Raisins are dried grapes/currants. However, unlike fresh grapes, they indeed are rich and concentrated sources of energy, vitamins, electrolytes, and minerals. On weight per weight comparison basis, 100 g of dried grapes hold 249 calories, several times more fiber, vitamins, minerals and poly-phenol antioxidants than the fresh grapes. Raisins, however, contain fewer amounts of vitamin C, folic acid, carotenes, lutein and xanthins than fresh grapes.
In general, fresh grapes, either seedless or seed types of the Vinifera species such as Thompson seedless (Sultana), Sugarone, Calmeria, Corinth and etc., are subjected to dry under sunlight or mechanical drying techniques. In some cases, the whole bunch of grapes may be allowed to dry on the vine itself (vine-dried). Ordinarily, their moisture content should not exceed 16% of dry weight. Thoroughly dried raisins are then further stemmed, cap-stemmed, sorted, and cleaned in order to obtain high quality, dried berries. At the commercial level, raisins are processed and graded further before sent to the markets.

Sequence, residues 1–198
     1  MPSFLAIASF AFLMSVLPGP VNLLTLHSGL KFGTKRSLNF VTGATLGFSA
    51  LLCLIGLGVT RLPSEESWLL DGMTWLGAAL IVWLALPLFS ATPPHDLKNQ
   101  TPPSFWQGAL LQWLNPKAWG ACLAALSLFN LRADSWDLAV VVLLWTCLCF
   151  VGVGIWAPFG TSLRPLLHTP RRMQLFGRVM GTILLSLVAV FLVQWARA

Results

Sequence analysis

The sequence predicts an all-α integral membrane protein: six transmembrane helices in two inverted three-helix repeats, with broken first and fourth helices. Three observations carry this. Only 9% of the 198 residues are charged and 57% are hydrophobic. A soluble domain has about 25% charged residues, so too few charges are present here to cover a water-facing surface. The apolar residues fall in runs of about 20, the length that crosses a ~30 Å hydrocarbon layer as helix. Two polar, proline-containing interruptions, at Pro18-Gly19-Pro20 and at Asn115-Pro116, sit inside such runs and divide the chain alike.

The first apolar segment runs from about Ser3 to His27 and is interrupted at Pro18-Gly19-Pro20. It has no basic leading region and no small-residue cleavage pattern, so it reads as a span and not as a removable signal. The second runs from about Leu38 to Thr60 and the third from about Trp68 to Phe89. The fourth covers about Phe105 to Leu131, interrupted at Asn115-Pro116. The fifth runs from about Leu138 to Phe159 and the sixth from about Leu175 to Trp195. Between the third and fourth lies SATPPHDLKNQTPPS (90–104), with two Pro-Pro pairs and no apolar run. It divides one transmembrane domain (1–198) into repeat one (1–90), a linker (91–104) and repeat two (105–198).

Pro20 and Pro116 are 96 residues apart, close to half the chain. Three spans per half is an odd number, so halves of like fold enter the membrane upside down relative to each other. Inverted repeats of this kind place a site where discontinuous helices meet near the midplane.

Raisins are one of the most sought-after items used in the confectionary.